The North Star


Adoption of Bill 31 in Quebec

Housing bill continues to be denounced by unions and housing groups

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Bill 31 was announced last summer by Quebec housing minister France-Élaine Duranceau. Despite numerous protests and criticism from unions and tenants' organizations, the bill that notably allows for landlords to refuse lease transfers without reason was adopted on February 21, 2024. The Minister presented the bill as a mechanism to protect tenants from eviction. However, community organizations do not seem to share this perspective.

Instead, many denounce that the housing crisis is worsening, that the cost of living for workers continues to rise and that this bill will only harm the quality of life of the majority of the population. André Trépanier, a member of the Parc-Extension Action Committee, reflects this concern:

"We're no longer able to live in our own city, in our own neighborhoods. Parc-Extension is one of the poorest neighborhoods in Canada. With one-bedroom apartments at $1,300, $1,400, $1,500, or two-bedroom apartments above $2,000, it's not possible for everyday people to continue living there. All this, in a context where we can't manage to pass social housing projects that would keep the population in the neighborhood."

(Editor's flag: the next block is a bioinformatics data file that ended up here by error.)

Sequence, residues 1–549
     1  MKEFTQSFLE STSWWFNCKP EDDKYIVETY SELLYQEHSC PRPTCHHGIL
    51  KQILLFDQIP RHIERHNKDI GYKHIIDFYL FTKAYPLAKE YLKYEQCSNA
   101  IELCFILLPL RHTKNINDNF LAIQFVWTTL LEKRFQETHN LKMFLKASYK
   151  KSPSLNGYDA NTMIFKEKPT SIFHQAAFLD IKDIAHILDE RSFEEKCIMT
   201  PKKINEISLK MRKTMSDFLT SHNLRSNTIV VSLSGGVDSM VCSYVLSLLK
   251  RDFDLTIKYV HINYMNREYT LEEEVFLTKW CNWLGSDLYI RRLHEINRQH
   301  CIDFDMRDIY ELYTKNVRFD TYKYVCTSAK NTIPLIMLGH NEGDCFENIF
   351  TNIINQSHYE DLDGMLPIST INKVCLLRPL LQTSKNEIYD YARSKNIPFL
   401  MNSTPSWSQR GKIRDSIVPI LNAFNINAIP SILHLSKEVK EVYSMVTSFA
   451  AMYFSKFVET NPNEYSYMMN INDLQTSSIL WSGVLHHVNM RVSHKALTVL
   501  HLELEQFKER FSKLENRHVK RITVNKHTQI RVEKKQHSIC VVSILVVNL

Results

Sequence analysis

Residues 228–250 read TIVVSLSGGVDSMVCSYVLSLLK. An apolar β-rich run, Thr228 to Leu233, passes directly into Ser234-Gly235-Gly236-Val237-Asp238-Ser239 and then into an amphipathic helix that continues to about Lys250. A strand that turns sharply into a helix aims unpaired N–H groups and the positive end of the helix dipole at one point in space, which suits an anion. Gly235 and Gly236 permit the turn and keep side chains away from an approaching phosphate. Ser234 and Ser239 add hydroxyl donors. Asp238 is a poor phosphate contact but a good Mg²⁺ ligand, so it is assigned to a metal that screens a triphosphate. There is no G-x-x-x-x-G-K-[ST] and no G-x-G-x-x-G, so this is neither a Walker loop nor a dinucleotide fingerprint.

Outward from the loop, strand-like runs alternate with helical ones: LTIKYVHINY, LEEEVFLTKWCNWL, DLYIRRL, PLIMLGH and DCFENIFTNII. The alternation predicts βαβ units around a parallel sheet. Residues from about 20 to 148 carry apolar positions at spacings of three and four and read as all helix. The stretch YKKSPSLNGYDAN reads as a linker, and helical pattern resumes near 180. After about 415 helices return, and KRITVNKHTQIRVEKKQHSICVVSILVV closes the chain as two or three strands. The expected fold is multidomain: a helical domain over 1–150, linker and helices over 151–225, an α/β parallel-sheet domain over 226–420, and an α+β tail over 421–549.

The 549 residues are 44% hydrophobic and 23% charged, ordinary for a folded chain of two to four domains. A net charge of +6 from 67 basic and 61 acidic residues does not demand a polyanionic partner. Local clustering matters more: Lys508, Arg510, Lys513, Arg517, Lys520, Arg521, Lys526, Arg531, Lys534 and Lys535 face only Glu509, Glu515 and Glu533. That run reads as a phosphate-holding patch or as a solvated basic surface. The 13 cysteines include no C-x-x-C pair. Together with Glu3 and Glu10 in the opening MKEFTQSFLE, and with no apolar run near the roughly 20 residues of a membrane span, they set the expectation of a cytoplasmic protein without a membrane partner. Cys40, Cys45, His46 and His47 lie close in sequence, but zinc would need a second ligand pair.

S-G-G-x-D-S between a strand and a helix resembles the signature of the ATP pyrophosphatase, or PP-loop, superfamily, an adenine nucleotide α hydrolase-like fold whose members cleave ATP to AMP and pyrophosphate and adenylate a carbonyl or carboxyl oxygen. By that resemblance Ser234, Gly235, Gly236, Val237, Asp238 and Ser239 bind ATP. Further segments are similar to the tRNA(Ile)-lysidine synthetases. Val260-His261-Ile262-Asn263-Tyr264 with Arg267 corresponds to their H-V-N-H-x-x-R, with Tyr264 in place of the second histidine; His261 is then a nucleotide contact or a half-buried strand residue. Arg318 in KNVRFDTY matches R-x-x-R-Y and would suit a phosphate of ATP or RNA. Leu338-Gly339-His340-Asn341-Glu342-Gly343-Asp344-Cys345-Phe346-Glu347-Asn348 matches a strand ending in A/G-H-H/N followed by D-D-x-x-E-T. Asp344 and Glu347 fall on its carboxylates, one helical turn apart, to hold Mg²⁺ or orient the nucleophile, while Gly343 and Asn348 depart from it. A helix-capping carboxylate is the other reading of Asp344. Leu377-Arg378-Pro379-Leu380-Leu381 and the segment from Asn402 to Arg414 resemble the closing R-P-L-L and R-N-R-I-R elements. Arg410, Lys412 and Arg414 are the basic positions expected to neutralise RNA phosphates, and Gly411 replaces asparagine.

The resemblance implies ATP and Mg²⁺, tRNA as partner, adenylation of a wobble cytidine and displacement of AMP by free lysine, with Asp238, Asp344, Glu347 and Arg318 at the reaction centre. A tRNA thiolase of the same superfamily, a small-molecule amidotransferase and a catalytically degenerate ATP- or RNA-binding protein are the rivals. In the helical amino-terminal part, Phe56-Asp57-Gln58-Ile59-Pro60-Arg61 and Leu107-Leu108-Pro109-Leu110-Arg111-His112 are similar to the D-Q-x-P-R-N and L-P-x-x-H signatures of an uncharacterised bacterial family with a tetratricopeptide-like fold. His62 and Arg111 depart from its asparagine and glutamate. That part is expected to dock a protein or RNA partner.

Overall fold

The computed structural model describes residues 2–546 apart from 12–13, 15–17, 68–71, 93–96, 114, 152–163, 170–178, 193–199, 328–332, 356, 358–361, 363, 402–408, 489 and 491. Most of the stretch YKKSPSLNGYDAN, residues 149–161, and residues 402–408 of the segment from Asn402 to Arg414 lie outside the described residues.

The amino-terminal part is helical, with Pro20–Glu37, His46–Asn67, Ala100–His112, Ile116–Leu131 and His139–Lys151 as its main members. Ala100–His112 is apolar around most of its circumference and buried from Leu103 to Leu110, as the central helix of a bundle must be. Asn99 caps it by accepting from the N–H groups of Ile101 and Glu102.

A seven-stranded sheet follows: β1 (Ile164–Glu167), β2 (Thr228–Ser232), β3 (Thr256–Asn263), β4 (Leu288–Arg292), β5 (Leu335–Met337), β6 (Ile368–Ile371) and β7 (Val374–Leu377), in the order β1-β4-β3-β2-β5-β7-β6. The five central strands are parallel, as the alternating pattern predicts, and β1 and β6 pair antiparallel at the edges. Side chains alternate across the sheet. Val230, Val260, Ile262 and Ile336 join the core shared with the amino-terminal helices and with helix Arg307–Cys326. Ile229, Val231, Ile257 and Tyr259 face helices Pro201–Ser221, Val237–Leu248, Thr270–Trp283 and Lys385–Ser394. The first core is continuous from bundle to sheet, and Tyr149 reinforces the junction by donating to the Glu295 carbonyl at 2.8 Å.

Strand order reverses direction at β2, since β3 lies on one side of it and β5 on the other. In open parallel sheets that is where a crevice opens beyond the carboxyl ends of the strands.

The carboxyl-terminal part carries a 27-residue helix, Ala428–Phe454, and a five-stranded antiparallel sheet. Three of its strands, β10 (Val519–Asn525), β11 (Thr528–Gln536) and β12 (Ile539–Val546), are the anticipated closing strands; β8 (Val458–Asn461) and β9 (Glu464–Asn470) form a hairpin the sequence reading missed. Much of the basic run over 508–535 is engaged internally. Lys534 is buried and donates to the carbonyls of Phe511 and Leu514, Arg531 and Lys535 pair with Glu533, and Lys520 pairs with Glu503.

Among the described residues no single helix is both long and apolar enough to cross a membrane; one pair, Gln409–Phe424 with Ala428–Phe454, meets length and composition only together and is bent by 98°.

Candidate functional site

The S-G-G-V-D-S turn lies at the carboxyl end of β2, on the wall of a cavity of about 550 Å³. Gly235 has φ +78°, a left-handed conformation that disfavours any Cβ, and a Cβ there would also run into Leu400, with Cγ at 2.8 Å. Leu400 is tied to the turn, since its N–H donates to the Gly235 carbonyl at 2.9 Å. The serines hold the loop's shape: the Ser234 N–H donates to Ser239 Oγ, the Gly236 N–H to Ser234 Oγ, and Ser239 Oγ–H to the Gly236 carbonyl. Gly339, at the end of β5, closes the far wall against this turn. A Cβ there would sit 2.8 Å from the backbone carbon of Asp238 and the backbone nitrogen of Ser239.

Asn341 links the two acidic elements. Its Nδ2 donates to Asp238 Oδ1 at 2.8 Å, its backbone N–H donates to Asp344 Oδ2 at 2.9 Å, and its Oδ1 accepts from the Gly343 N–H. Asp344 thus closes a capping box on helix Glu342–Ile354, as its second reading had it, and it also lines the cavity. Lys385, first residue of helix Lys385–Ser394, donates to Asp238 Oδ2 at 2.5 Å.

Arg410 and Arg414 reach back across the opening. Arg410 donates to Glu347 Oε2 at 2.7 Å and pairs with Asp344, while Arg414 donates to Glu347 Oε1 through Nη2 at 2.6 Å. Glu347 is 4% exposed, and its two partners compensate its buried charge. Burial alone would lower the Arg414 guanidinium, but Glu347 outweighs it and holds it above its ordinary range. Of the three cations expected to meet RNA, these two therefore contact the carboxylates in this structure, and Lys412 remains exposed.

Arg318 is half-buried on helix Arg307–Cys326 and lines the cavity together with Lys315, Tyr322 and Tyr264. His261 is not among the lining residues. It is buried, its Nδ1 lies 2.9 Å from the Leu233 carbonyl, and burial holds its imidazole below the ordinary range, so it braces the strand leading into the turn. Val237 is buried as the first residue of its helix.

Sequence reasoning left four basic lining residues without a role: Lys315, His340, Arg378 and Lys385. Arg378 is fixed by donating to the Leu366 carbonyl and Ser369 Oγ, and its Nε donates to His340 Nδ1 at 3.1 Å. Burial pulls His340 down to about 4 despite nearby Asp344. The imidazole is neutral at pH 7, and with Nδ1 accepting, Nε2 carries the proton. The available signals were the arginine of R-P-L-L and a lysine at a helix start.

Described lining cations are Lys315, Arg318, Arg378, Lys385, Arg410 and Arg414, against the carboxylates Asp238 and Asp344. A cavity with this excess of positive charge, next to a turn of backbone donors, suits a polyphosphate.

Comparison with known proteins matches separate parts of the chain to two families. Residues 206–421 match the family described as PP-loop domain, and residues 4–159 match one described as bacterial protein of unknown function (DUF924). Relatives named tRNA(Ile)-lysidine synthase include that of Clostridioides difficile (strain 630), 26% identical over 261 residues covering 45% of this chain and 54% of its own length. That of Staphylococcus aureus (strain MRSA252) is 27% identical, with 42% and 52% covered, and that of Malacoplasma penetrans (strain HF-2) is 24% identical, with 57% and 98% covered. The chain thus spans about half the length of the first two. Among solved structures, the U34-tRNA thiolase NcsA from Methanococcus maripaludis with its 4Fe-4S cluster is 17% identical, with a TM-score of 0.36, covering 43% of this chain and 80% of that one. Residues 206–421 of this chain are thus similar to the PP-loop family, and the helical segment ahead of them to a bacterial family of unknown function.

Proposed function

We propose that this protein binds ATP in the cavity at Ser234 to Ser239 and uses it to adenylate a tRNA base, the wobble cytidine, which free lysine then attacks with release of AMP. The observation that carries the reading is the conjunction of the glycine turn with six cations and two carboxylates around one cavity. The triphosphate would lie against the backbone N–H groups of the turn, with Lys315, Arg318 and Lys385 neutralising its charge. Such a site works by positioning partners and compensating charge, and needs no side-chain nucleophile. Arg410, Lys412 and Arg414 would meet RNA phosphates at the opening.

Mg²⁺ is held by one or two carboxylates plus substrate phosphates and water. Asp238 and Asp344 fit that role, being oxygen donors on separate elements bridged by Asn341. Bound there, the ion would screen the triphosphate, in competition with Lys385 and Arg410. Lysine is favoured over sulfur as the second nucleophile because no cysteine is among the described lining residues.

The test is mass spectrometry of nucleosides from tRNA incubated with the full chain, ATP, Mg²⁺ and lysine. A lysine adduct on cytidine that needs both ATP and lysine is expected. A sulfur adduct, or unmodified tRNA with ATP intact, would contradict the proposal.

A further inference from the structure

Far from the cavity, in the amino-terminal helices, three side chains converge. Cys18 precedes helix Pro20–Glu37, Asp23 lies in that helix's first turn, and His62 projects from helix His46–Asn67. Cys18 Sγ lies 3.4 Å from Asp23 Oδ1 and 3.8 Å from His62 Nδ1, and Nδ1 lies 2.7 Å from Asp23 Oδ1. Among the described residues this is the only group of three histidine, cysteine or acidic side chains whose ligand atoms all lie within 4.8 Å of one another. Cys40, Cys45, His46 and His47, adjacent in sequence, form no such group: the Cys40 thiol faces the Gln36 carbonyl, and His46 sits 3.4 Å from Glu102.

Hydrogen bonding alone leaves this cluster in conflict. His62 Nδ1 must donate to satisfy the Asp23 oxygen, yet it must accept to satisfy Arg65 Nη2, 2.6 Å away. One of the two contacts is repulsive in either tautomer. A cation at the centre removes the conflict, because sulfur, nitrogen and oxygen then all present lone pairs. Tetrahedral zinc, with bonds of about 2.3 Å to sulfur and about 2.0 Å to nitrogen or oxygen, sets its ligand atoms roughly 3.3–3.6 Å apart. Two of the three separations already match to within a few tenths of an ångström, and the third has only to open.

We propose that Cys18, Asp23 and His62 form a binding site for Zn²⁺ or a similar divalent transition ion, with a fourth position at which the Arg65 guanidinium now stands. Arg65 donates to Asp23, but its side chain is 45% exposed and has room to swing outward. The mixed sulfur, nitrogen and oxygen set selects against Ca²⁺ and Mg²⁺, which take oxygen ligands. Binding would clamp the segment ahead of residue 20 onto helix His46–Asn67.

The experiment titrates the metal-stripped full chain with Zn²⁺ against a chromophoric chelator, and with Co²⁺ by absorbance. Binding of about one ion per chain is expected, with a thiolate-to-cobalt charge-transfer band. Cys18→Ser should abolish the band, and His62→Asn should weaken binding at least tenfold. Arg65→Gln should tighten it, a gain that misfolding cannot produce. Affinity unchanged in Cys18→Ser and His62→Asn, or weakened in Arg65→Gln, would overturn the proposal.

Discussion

He also denounces lesser-known aspects of Bill 31:

"There's a lot of talk about removing the right to transfer a lease, but what has also been put in as an amendment to the bill will allow real estate developers to override all urban planning rules so they can do just about anything in neighborhoods. It's another gift to real estate developers."

In addition to representing major losses for tenants' rights, Francis Dolan of Regroupement Information Logement de Pointe-Saint-Charles explains his concerns about PL31's ability to solve the housing crisis:

"First of all, it's the tenants who are caught up in the private rental market, who are always at risk of being renovicted or having their rents increased abusively. [...] At the same time, our other concern is about future developments. Private real estate developers are always telling us that the solution to the housing crisis is to build more condos; more expensive housing. Then, by building, we'll restore supply and demand, and, according to them, regain a kind of balance between the two. We say that's impossible. That's not the way it's going to happen. For us, it really means developing social and community housing. That's how we're going to be able to house people sustainably and in a way that's affordable, accessible and safe."

Clearly, what the ruling CAQ party sees as a step towards solving the housing crisis is seen by tenants as an attack on their rights. Bill 31 seems more like a mechanism to protect the interests of the private rental market, to the detriment of workers who are already having more and more difficulty. Betrand Guibord, General Secretary of the Conseil central du Montréal métropolitain - CSN, explains:

What worries me most right now is that the government is completely insensitive to this reality, and out of touch. It's a government of bosses, a government of the rich. The interests being defended by the CAQ are not the interests of the majority, they're the interests of the owning class, the businessmen and the rich."

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